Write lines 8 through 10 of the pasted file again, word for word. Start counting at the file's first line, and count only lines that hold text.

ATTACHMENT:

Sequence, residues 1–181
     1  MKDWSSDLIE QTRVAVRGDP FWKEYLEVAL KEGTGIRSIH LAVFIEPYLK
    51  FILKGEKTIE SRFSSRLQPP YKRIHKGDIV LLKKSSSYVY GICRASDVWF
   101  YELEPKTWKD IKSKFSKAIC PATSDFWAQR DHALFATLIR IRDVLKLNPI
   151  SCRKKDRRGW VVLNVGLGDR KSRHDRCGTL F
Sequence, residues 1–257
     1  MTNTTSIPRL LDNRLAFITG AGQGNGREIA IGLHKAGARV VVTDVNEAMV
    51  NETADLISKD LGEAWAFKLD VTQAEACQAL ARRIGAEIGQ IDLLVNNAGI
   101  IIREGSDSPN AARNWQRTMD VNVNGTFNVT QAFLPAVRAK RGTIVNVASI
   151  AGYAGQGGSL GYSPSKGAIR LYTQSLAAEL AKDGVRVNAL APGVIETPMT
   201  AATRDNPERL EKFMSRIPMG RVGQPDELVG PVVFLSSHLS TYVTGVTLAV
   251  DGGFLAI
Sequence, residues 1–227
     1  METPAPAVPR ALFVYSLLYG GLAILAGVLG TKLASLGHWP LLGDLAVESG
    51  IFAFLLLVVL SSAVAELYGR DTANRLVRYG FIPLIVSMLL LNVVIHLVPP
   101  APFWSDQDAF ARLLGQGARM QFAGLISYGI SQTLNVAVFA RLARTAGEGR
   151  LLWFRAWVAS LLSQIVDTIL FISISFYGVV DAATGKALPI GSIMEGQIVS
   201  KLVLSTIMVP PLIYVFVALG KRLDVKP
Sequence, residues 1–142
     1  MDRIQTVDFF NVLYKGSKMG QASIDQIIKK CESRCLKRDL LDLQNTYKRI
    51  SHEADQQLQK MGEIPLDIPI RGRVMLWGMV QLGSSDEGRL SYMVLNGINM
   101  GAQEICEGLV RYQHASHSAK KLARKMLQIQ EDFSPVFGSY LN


    51  NETADLISKD LGEAWAFKLD VTQAEACQAL ARRIGAEIGQ IDLLVNNAGI
   101  IIREGSDSPN AARNWQRTMD VNVNGTFNVT QAFLPAVRAK RGTIVNVASI
   151  AGYAGQGGSL GYSPSKGAIR LYTQSLAAEL AKDGVRVNAL APGVIETPMT